Help retain moisture by mulching, but remember that too much of a good thing can be very harmful to your plants. Unnecessarily thick layers of mulch can smother plants, cause rot and provide a cozy place for pests to hide, especially when heaped up against the base of a plant. Shredded leaves spread several inches deep in your garden is best, helping the soil retain moisture and adding critical organic material to your soil as the leaves break down.


After putting in the work of evaluating, exploring and establishing, it’s time to enjoy your resilient garden. Thoughtfully selected, well-established native plants will help your garden weather droughts, storms and other changes in climate.

Not only will you enjoy your garden, but the birds, insects and wildlife in your neighborhood will thrive in your landscape as well!

Resilient Native Plants

Some of our most resilient native plants are adaptable to a wide variety of conditions. It’s becoming typical in Pennsylvania to see long periods of drought followed by intense flooding and rainfall, making it important to select plants that can handle inconsistent conditions. While there are many plants to choose from, here are tried and true options that are widely available and easy to grow.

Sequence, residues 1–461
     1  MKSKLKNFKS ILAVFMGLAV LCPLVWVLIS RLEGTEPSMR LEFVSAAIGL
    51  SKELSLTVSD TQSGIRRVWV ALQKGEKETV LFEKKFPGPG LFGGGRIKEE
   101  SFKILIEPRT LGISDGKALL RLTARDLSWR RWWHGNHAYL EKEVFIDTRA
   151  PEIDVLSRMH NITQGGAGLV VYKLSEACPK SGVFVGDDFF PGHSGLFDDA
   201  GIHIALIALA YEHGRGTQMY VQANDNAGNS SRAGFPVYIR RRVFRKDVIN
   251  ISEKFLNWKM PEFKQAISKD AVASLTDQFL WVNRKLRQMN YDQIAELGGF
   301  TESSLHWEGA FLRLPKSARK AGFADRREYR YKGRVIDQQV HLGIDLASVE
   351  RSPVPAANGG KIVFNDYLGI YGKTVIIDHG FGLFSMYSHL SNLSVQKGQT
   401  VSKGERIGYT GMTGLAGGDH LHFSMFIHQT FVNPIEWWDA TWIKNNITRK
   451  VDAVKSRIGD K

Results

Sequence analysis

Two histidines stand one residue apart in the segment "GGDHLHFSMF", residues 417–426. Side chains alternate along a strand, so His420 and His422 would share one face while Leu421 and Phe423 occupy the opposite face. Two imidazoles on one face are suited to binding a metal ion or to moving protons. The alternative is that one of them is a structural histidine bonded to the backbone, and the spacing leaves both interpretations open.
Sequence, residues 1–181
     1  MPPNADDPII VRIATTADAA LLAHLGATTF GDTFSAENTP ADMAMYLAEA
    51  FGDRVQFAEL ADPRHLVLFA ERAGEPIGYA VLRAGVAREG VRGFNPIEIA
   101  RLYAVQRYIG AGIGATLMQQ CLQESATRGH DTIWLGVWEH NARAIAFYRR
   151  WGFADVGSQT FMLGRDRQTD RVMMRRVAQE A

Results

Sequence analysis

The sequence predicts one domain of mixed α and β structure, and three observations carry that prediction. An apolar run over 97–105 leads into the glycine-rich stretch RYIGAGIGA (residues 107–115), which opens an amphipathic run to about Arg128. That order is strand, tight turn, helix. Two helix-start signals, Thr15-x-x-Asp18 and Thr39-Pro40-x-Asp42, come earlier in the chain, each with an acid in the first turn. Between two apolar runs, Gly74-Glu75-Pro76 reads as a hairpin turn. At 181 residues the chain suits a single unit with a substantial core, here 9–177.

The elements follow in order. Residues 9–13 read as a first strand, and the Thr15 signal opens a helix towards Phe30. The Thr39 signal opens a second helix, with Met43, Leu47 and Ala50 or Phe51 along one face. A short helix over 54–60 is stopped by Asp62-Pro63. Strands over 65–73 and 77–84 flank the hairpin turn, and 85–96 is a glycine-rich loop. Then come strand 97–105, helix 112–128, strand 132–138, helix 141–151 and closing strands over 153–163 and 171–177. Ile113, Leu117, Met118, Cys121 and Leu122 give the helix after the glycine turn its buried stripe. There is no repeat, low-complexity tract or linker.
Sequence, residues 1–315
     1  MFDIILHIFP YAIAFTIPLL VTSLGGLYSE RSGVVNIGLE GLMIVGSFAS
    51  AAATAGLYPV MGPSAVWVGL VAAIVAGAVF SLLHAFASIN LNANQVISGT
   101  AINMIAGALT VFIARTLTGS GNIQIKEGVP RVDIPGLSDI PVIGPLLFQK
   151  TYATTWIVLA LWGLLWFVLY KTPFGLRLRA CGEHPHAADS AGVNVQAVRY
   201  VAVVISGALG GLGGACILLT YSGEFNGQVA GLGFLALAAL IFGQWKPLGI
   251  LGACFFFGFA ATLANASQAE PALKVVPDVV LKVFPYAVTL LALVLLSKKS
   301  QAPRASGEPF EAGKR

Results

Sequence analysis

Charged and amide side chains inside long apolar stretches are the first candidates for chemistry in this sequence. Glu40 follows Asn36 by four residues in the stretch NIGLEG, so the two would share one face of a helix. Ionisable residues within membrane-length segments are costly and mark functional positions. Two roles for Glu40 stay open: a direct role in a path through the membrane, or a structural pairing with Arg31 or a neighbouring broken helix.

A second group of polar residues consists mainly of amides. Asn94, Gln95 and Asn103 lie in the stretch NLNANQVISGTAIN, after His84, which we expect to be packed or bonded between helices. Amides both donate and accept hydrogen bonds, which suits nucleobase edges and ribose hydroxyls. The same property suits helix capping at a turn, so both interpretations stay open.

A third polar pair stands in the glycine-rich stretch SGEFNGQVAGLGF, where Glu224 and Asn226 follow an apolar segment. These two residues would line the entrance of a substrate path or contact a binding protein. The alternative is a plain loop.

Pycnanthemum muticum with tiger swallowtail butterfly

Adaptable perennials such as mountain mint (Pycnanthemum muticum), anise hyssop (Agastache foeniculum), and wild bergamot (Monarda fistulosa) are tough but beautiful. Each offers fragrant foliage and long-lasting blooms that attract pollinators.

For a resilient shrub or tree choice, look for red twig dogwood (Cornus sericea), St. John’s wort (Hypericum spp.) or serviceberry (Amelanchier laevis). Red twig dogwood can survive a wide variety of moisture conditions and won’t be phased by fall flooding. St. John’s wort is similarly able to withstand dry heat followed by heavy rainfall and sports cheery yellow flowers throughout the summer. Serviceberry is an underutilized, resilient tree with graceful white blooms in spring followed by deep red, edible berries in fall. This small deciduous tree can withstand tough and variable conditions, offering all season beauty with very little maintenance or pests.

Jenkins Arboretum & Gardens is a 48-acre public garden showcasing native flora of the eastern United States and a world-class collection of rhododendrons and azaleas. The gardens are open every day of the year, and admission is always free. Plan your visit by visiting Jenkins online at